Researchers believe that part of the reason why synapses disappear in neurodegenerative disease is that astrocytes and microglia reactivate synaptic pruning programs that had been dormant since development. However, few studies have looked at how astrocytes change in the healthy aging brain. Two recent mouse transcriptome studies start to fill this gap. In the February 7 Proceedings of the National Academy of Sciences, researchers led by Laura Clarke and the late Ben Barres at Stanford University School of Medicine reported that astrocytes in the aged mouse brain resembled the neuroinflammatory, lethal “A1” variety previously identified by the same lab (Jan 2017 news). Similarly, in the January 2 Cell Reports, researchers led by Nicola Allen at the Salk Institute for Biological Studies in La Jolla, California, documented an uptick in expression of inflammatory and synaptic pruning genes in aged astrocytes. Together, the papers suggest that elderly astrocytes enter a partially reactive state, perhaps helping explain why the aging brain is so susceptible to neurodegenerative disease. Both data sets are freely available to researchers online.
- Two studies of astrocytes in aging mouse brain report similar results.
- The cells take on a reactive phenotype, ramping up inflammatory and synaptic pruning genes.
- This may prime the brain for inflammation and degeneration.
“We hope these resources will shed light on the mechanistic factors behind what happens in aging,” Clarke said. Allen, who previously worked in Barres’ lab, suggested that researchers studying neurodegenerative disease could use these data from healthy older brains as a baseline to dissect which expression changes result from disease and which are merely due to old age.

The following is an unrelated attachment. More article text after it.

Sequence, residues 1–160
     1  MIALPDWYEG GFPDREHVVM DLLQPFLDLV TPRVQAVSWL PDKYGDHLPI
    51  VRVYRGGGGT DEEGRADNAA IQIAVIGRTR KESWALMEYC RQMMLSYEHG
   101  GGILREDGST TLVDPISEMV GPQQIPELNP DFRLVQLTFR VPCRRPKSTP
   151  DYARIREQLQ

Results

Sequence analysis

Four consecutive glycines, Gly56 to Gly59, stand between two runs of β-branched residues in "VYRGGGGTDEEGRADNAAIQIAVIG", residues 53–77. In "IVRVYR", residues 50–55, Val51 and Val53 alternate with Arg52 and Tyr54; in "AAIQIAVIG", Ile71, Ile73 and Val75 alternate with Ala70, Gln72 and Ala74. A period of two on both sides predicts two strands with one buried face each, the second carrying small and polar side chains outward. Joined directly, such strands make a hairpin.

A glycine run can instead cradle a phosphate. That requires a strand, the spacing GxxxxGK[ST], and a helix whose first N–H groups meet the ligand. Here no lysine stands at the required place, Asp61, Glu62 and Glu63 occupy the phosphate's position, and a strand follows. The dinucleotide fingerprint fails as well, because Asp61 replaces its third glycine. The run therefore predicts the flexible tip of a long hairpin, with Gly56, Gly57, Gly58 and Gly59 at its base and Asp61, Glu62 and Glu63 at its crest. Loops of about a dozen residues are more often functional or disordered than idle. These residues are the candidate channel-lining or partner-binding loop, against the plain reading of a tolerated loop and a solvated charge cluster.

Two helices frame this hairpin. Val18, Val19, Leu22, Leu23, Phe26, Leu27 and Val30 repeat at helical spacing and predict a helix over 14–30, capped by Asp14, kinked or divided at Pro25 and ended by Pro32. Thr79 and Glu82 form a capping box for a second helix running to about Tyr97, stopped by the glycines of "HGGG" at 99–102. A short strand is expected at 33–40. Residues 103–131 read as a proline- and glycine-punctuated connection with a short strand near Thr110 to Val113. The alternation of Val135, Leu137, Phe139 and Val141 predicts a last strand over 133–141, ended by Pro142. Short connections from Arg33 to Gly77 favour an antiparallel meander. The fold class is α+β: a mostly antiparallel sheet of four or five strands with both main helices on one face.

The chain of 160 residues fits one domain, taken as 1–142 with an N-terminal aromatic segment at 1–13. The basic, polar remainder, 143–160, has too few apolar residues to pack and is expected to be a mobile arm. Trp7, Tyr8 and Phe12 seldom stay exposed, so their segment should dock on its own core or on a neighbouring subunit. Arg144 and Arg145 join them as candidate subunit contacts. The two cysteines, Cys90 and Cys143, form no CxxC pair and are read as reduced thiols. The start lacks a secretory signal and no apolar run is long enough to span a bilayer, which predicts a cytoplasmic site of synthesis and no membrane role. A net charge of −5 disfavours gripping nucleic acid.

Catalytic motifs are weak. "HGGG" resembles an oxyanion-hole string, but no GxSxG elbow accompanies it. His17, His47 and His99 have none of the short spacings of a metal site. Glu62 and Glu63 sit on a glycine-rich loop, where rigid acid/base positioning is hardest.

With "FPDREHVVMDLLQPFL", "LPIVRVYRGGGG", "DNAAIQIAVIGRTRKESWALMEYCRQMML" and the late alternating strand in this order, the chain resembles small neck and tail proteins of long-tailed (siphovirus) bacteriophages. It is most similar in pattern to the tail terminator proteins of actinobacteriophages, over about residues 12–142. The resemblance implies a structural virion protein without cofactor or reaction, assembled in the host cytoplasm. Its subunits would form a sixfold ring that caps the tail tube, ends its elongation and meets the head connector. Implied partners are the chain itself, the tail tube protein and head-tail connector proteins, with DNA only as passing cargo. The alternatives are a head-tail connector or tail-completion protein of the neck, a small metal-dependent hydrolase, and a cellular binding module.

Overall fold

Commenters agree the data offer insights. “These are very important first steps in understanding how astrocytes evolve and how this evolution may facilitate the onset of aging-related disorders,” Benjamin Deneen at Baylor College of Medicine in Houston wrote to Alzforum (comment below). Anna Molofsky at the University of California, San Francisco, liked the focus on glia. “Glial cells in the brain, including astrocytes, are the first responders to most types of stress, and thus it is important to characterize how they may change their properties with age,” she wrote (comment below).
Previous studies had examined cultured astrocytes taken from aged rat brain, and found they overexpressed genes related to inflammation and oxidative stress compared with younger animals (Jiang and Cadenas, 2014; Bellaver et al., 2017). Others reported similar changes in astrocytes isolated from aged mouse brains via fluorescence-activated cell sorting (FACS) (Orre et al., 2014). However, these studies might not provide a full picture of what happens in brain, Allen noted. Glial cells are notorious for changing expression in culture, and FACS tears off fragile astrocytic processes, where much of the protein translation takes place.